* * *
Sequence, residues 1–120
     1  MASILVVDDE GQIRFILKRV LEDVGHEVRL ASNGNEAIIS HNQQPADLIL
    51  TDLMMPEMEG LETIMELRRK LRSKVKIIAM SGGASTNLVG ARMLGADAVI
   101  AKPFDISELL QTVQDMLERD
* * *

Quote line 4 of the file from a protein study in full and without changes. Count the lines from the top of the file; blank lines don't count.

   101  AKPFDISELL QTVQDMLERD